Anonymity is the spiritual foundation of all our traditions, ever reminding us to place principles before personalities. Remember who you see here, what you hear here, let it stay here.
Other Key Points:
At the start of the meeting, it will be asked if there are any newcomers and if there are any visitors. Newcomers and visitors should introduce themselves.
You only need to use your first name.
It is not mandatory for you to sign in or give your phone number.
There is no cross-talk which is defined as giving unsolicited advice or talking to another person directly.
Please limit your sharing to 3-5 minutes in order to allow others to have time to share also.
Confine your discussion only to alcoholism.
Opening and Closing the Meeting:
The meeting will start with a moment of silence followed by the Serenity Prayer. The meeting will close with the Lord’s Prayer.
How do You Know if You are an Alcoholic?:
As defined in the Big Book of Alcoholics Anonymous on page 44, “If, when you honestly want to, you find you cannot quit entirely, or if when drinking, you have no control over the amount you drink, you are probably alcoholic."
Troubles are caused by drinking – DWI, PI, fights, stealing drinks, blackouts.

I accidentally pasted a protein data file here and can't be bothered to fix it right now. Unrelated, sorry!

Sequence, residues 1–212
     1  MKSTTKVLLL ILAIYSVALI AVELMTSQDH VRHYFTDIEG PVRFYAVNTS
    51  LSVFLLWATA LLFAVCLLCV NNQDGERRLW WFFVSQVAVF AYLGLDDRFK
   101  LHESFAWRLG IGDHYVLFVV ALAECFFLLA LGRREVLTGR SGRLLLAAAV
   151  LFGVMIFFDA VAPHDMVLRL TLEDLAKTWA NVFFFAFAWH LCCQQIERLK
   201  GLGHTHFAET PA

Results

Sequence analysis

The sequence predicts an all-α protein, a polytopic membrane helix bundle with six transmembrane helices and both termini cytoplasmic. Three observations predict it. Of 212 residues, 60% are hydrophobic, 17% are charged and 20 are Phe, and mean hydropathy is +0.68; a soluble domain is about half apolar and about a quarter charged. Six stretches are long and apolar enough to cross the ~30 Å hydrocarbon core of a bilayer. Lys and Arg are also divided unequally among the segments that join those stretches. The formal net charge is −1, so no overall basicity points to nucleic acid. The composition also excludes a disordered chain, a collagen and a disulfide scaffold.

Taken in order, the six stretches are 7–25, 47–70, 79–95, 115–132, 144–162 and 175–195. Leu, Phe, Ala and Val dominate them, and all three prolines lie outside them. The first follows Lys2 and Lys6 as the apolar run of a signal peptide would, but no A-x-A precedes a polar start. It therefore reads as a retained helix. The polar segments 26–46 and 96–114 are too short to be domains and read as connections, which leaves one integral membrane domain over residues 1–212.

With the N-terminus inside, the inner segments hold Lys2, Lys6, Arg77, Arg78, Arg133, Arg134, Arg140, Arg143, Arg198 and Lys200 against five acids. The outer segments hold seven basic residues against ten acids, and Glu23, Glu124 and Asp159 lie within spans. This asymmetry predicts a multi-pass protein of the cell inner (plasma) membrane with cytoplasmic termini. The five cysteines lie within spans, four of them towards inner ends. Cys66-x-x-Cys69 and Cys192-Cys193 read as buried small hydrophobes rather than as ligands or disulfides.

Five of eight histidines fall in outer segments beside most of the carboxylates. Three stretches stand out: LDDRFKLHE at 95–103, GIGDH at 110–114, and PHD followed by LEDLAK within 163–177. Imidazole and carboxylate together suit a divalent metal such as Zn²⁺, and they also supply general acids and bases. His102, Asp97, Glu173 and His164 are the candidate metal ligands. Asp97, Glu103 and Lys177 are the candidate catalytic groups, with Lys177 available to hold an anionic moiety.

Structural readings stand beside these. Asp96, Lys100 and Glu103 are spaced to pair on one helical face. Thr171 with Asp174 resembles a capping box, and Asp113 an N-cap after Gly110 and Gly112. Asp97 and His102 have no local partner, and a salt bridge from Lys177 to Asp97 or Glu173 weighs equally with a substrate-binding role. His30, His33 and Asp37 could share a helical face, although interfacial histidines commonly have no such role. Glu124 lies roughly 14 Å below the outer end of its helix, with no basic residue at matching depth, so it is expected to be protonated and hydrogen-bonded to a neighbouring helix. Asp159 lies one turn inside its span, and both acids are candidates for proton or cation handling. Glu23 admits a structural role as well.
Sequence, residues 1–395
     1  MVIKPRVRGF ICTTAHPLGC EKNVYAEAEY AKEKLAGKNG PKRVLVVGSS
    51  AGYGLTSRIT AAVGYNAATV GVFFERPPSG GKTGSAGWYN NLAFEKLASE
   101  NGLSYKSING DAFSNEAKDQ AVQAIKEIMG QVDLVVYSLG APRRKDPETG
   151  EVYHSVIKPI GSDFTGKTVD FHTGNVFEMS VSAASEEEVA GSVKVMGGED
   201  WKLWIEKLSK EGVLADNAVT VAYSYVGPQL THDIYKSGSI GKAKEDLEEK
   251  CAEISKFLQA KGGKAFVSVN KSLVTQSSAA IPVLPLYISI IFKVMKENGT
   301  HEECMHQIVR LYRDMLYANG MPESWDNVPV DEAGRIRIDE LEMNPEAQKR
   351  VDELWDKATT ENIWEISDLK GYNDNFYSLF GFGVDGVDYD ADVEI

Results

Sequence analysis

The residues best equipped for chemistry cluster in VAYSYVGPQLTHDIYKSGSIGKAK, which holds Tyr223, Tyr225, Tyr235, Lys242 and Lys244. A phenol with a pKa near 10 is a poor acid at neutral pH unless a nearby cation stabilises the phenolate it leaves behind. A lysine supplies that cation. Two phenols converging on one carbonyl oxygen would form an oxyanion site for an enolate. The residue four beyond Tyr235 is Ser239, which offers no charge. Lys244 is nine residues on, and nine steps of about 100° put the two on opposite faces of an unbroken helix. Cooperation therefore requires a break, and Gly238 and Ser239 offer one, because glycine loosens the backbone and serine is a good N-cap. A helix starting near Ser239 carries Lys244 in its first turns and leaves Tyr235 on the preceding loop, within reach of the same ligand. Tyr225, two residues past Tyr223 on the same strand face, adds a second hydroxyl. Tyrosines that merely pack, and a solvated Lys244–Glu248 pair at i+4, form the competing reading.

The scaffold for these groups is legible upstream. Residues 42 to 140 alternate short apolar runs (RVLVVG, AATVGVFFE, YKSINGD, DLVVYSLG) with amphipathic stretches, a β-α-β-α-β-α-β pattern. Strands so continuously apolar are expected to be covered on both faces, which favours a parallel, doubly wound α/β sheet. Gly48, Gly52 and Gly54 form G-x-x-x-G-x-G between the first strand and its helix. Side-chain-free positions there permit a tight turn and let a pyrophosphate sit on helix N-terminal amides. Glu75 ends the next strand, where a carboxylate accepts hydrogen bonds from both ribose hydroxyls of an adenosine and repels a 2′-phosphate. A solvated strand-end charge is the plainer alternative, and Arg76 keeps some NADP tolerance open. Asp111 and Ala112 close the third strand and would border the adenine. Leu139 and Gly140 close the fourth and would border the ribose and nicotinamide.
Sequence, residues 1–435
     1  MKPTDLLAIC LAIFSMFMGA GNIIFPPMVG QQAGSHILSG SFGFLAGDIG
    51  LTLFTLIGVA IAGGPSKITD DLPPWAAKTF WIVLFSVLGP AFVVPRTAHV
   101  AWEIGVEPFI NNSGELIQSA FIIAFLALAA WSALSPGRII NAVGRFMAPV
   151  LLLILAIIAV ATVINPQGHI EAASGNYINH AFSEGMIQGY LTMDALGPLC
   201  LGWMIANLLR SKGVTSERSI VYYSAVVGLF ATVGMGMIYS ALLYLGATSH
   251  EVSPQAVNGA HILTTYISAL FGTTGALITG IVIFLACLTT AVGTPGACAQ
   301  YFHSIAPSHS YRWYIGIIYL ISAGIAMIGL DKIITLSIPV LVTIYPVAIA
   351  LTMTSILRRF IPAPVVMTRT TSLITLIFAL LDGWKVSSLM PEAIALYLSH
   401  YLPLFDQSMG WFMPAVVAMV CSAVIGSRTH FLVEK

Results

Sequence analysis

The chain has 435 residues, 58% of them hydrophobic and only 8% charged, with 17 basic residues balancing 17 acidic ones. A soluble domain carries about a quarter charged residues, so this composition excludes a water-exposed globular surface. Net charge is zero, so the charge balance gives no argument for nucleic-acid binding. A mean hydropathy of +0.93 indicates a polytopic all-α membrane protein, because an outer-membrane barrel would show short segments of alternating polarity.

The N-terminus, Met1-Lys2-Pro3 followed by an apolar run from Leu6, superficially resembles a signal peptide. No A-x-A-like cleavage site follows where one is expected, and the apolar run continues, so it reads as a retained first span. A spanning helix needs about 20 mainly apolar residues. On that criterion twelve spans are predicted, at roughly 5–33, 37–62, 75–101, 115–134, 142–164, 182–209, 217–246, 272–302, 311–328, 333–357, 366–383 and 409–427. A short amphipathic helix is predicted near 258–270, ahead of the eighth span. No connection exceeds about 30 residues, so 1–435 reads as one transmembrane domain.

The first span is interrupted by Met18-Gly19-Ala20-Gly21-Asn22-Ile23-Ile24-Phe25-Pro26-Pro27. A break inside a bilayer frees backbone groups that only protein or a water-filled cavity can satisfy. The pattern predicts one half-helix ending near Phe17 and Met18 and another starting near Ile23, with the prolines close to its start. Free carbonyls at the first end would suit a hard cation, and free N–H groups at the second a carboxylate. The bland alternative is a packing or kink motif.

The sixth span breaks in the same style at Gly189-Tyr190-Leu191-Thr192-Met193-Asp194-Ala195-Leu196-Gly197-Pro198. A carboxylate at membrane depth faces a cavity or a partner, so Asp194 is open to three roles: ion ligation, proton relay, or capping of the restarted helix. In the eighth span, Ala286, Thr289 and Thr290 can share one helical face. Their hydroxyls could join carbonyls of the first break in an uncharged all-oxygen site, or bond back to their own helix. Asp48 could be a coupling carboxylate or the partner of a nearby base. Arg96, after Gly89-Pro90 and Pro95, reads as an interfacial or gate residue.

Denial about drinking – lying to yourself and others
Guilt and remorse – about our behaviors
Progression – things never thought possible start to happen
** Only you can determine for yourself if you are an alcoholic.
We Have a Solution:
AA owns the original 12 steps and has loaned them to over 250 recovery programs. In the Foreword of the “Twelve Steps and Twelve Traditions” (12 & 12) states: “AA’s Twelve Steps are a group of principles, spiritual in their nature, which, if practiced as a way of life, can expel the obsession to drink and enable the sufferer to become happily and usefully whole.”
Some of the spiritual principles include, but are not limited to the following: Honesty, Faith, Willingness, Discipline, etc.
Note that this program is based on progress not perfection and is worked “one day at a time."
Who is your Higher Power? God? What is your concept of a Higher Power? AA is a program of spirituality not religion. We do not define your Higher Power. We are not here to instruct in religion. You do not have to agree with “my” concept of a Higher Power. You must be willing to find a Higher Power of your own understanding.
What AA Does and Does Not Do:
It does provide a program of recovery – one on one sponsorship.
It is not a treatment facility
It does not provide any social, legal or medical services
It does not run any hospitals, nursing homes, rehab centers, etc.
It is not part of the judicial system, and does not work with or answer to the courts or the police.